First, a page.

Recruiting participants in qualitative research is an important part of the UX process. It’s not just about finding people willing to participate in your study, but also about finding those whose responses will be most informative and useful for the research.
In this article, we’ll look at different techniques for participant recruitment in qualitative research and explain whom you should recruit.
Qualitative recruiting is about finding candidates and scheduling them to participate in qualitative research studies.
UX research platforms like UXtweak are created to address the issue of user research recruiting, particularly qualitative research recruiting by providing access to tergeted User Panels. However, researchers sometimes may want to go through the process themselves and seek volunteers that fit very specific criteria related to their research subject.
It may be challenging to get volunteers for research projects. You have to find people interested in participating, set dates for them to meet, remind them to go, and hope they remember. Even worse, sometimes participants who do show up are not the best candidates for the study because, despite their best efforts, they do not have the necessary life experiences to provide insightful feedback or insight.
Who should you recruit for qualitative research?
To recruit participants, you should first identify the people who represent your target audience. You can do this by asking people already familiar with your product or service about their opinions on it and investigating whether they have any problems you could solve with your new feature.
It would help if you also recruited participants with specific problems you want to solve to ensure they’re committed enough to participate in a usability test. If someone feels like they will benefit from participating, but has no issues, they may not be willing to fully engage in the research process.
It’s also important for potential participants to represent your end users. Make sure they are the kind of audience you are hoping to target.
You can create a list of people who might be interested in becoming a part of your study and then work out how many would be sufficient for your purpose and budget constraints.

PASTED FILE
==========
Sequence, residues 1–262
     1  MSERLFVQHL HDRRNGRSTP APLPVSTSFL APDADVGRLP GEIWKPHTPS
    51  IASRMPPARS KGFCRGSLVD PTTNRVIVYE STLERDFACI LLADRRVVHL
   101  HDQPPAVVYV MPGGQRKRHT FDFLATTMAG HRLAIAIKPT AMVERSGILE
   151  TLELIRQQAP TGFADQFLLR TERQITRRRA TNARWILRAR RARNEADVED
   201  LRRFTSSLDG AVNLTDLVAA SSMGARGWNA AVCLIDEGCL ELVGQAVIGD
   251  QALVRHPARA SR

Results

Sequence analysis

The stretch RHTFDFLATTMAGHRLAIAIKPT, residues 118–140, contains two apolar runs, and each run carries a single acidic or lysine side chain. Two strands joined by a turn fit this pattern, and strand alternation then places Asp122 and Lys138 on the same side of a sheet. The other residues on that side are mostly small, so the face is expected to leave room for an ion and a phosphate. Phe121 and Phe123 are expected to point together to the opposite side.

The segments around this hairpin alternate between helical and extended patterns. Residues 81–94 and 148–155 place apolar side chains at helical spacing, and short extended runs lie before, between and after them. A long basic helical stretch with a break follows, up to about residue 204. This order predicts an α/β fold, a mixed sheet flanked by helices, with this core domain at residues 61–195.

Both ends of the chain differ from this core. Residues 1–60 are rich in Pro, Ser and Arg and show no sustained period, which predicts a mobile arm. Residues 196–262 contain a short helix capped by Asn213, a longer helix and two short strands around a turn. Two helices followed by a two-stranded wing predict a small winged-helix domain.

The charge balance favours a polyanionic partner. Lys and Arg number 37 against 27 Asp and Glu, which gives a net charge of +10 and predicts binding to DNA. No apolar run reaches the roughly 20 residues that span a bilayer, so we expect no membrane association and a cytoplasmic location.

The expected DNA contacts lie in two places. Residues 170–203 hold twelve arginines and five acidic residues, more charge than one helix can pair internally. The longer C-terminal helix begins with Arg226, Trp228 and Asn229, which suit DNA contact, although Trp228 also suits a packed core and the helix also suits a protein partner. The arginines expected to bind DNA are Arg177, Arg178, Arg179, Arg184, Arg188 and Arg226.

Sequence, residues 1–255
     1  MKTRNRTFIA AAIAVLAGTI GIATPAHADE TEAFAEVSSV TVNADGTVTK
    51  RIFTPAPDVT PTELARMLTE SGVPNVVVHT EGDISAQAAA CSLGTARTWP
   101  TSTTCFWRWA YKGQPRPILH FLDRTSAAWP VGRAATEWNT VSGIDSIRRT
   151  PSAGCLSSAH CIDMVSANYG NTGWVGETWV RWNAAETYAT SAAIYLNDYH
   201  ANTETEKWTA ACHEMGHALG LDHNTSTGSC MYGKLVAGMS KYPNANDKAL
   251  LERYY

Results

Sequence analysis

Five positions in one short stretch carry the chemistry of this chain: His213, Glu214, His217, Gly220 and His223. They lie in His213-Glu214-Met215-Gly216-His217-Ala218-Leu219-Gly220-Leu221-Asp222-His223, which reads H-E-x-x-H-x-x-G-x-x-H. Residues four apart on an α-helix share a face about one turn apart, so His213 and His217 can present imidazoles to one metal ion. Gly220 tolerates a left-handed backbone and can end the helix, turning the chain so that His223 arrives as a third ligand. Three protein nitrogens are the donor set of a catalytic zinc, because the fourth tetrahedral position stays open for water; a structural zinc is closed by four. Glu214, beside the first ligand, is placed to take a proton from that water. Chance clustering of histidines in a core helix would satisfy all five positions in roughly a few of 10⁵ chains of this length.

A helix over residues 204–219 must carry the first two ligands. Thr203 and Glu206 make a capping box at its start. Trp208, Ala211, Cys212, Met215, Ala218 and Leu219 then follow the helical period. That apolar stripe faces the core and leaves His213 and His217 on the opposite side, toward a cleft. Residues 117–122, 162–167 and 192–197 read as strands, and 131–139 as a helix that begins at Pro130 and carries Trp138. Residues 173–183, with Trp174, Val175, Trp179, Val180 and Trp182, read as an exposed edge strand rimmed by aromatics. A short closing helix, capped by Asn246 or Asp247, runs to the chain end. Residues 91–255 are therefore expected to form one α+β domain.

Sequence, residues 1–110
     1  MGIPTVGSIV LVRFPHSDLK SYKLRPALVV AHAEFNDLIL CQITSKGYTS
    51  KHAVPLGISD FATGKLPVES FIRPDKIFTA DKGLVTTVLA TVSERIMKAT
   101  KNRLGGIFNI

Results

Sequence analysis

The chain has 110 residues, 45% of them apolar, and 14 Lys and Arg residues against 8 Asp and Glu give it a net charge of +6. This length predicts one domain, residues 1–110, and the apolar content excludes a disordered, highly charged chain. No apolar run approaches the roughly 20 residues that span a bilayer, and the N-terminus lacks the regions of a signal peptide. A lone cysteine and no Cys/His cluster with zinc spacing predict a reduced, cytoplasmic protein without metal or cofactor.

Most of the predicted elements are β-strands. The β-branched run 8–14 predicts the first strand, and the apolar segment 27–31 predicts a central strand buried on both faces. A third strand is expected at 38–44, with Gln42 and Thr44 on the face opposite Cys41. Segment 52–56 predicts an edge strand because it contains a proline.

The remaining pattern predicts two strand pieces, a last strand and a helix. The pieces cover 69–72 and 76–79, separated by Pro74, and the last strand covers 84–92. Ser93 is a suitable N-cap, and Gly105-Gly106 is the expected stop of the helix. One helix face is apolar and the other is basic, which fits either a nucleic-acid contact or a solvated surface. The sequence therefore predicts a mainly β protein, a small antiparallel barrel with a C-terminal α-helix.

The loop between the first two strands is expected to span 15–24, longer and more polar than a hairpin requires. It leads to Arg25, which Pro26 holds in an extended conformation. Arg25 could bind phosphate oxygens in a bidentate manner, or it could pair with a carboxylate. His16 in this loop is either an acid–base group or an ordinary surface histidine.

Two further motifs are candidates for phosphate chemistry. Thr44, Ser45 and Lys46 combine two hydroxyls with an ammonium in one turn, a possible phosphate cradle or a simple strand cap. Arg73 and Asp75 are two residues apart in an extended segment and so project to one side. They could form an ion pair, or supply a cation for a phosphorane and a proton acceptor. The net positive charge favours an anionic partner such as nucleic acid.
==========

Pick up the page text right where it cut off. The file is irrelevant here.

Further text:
Suppose you’re unsure what’s involved with recruiting participants in general, check out our UX Research Recruiting guide.
Participant recruitment methods in qualitative research
Some people might use phone calls, surveys, personal messages, and online questionnaires to recruit participants for qualitative research studies. These methods can be costly and time-consuming – so when recruiting participants for qualitative research studies, you as a researcher have many easier options to choose from.
1. Recruitment agencies
Collaborate with a staffing agency or a panel company. A recruitment agency will assist you in locating the specific participants you want. It can, however, be costly, and you may have to wait a while before receiving qualified participants.
When working with an agency, you must exercise caution. Examine previous reviews to see if they provide good, quality participants. Make sure to inquire about how the agency recruits. Do they have their participant database or do they rely on panel companies? Recruitment agencies can be tricky. Always make sure you are choosing one with a good reputation.
2. Recruiting-specific user testing software companies
This is a practical way to find people who are your target demographic. The software will match you with those participants who applied for your project via a project board or an email blast. User testing software is typically very convenient and simple to use.
Just like that, UXtweak has a cost-effective 155M+ User Panel where you can access the right participants for your project. Quality of your respondents is our main priority — we double check the responses so they match our strict standards. If you’re not satisfied with individual responses, we offer to replace them.
The price per respondent starts at $6, depending on the research method you choose.
3. Social media
We recommend starting by combing through social media platforms and forums and searching for topics about your problem. This means searching through Facebook groups, Reddit threads, Meetups, Quora, and even TikTok to see what people are talking about. Posting in specific threads about topics you want to research on websites like Reddit, Quora, or public Slack Channels can be beneficial. If you are particularly motivated, you can even attend Meetups and events where you know your target audience may be.